What an embarrassment that debate was: Labour will be laughing all the way to the polls | Polly Toynbee

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The Guardian

Is that it? Is what we saw on ITV’s Sunday night debate really all that the “world’s most successful party” can stump up, in these dying days of its 12-year run in power? Not a whisper of a new idea from any of them, no fresh air.

Yes, hurrah for the most diverse applicants ever, with only one token pale male, but you would have to search in vain for diverse views. Here is only the narcissism of infinitesimally small differences in style, all for tax cuts varying marginally, but not in their state-shrinking intent. That leaves only “character” to fight over: there was the vaunting and boasting of their many qualities, but humility was not among them.

None would put Boris Johnson into their cabinet, they said. This is the man they elevated and served under, whose every bad act they obediently voted for, with rebellions far too late: Kemi Badenoch jumped just after Rishi Sunak’s belated leap. Only Tom Tugendhat could shake off the disgrace, as the one clean skin.

But if Tugendhat is the last remnant of “one-nation” Toryism in what is now effectively the Brexit party, he too is a tax cutter and state shrinker (with cakeist high defence spending). He too is all for sending asylum seekers to Rwanda.

On show was a veneer of collegiate affability, barely disguising the vitriol hurled by their campaigns in the most toxic prime ministerial contest ever. A Johnsonite blasts Rishi Sunak as “rat” and “sly assassin”. Penny Mordaunt takes even heavier incoming fire over incompetence from David Frost, the incompetent who signed the EU treaty only to renege on it. Mainly she’s under fire from Kemi Bandenoch’s anti-woke ferocity over trans issues, a subject that is a planet away from election-winning turf. But “wokeism” is where many in this deranged party choose to fight. Labour has often been riven by splits, but never reaching this public toxicity. Its schisms are over profound differences in political direction, but this poison springs from a lack of substance: all personal vendettas, ambition and malice with scant serious content. Tugendhat wins Mr Nice Guy, but that may not get him far in the nasty party.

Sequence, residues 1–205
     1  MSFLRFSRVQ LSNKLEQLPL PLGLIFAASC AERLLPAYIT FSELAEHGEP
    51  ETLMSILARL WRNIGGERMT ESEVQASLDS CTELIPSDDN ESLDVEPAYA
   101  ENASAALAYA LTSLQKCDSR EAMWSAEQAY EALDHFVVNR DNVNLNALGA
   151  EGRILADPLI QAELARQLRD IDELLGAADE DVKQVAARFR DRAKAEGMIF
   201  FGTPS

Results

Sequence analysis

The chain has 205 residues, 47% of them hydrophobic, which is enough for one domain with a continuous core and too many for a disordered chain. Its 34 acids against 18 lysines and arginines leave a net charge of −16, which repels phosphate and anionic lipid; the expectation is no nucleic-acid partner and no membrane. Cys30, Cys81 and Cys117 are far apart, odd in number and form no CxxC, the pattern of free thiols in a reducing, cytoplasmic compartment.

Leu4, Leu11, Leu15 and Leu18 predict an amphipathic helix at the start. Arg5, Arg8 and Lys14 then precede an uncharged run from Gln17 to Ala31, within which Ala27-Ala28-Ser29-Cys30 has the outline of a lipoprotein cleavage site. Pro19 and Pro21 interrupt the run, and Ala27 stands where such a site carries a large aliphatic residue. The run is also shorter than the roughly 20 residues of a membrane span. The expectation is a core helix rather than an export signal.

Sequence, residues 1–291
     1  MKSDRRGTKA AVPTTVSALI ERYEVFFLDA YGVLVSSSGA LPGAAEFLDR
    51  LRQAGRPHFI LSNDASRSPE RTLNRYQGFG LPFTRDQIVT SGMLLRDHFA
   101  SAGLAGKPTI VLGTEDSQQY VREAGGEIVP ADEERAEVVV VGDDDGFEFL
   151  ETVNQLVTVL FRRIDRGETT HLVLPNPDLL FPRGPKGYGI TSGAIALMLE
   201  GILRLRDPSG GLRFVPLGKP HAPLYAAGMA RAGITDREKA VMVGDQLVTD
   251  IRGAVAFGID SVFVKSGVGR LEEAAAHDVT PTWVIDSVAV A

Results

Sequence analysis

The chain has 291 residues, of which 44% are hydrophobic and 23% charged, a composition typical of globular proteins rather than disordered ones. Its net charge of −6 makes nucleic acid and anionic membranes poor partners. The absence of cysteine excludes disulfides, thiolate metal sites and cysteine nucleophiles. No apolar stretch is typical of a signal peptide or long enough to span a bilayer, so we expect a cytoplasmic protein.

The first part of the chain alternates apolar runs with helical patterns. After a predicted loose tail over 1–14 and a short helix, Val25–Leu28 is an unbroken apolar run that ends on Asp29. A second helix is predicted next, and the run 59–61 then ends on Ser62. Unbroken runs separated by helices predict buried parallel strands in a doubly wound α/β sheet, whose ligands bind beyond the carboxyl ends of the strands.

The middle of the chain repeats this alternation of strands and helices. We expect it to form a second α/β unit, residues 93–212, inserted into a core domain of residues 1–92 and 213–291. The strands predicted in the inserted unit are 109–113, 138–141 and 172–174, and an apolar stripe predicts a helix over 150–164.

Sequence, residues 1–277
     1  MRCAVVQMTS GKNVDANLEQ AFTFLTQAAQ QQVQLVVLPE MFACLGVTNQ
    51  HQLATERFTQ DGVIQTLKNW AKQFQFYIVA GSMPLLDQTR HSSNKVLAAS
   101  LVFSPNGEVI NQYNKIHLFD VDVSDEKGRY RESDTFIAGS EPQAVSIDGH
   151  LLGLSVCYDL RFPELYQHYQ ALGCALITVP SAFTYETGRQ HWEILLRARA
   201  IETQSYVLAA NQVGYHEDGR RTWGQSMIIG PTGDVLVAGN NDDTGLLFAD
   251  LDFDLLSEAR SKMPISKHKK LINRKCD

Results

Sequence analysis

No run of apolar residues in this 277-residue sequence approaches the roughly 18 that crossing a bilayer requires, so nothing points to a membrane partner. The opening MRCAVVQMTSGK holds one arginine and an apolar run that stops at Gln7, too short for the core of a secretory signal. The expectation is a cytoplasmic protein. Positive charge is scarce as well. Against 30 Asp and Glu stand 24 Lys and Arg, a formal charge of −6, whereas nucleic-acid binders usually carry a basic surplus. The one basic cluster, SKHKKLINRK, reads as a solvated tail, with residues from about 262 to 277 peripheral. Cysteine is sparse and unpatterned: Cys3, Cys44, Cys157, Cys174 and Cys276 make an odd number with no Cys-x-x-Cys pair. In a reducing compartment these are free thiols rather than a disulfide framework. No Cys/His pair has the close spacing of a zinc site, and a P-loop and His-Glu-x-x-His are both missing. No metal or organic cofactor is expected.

Missing from the debate was much connection with what’s happening out here. The temperature in much of Britain is boiling up to an unprecedented “red warning”, as wildfires burn around Europe, yet you would search in vain for any burning sense of alarm among any of these. No one gives it priority in their statements.

For the cost of living crisis, which tops all voters’ concerns, all candidates proffer tax cuts as the answer, though Sunak would delay them. None reveal that most of what’s saved from income tax cuts goes to the better off, the Institute for Public Policy Research finds, and virtually none to low earners – but that’s the nature of their shared Conservativism. Tepid talk of growth, opportunity and aspiration from them all comes with vacant maps. Nothing to make levelling up real. Do they have any plans, or are they just unmentionable?

Only Tugendhat kept reminding the other candidates that the real opponent they face in a real election is Keir Starmer, claiming he alone, as an indefinably more moderate voice, can take the fight to Labour. But none seem to be even in the battlefield where general elections are won. All fail to face up to the state that their party has led the country. They seem oblivious to things falling apart.

Ambulances struggle to reach people having heart attacks and stroke victims, hospitals overflow, court cases are booked up three years ahead, social care collapses, and children go hungry. The candidates all champion “change” but from what to what? We are none the wiser.

At the end of the debate, all of them vowed not to hold an early general election. Don’t believe them. The chances are each of them would seize any hope of a new leader bounce at the ballot box, as things can only get worse over the next two years.

Who would frighten Labour most? None unduly, each with different vulnerabilities, all with the same unanswered questions about future public sector cuts. Smug Sunak is weighed down by economic calamity, Truss is unspeakable, Mordaunt implausible, Tugendhat uninspiring, Badenoch off the scale on the right. Bring it on, Labour was chortling afterwards.

July 18, 2022 at 02:55AM Polly Toynbee

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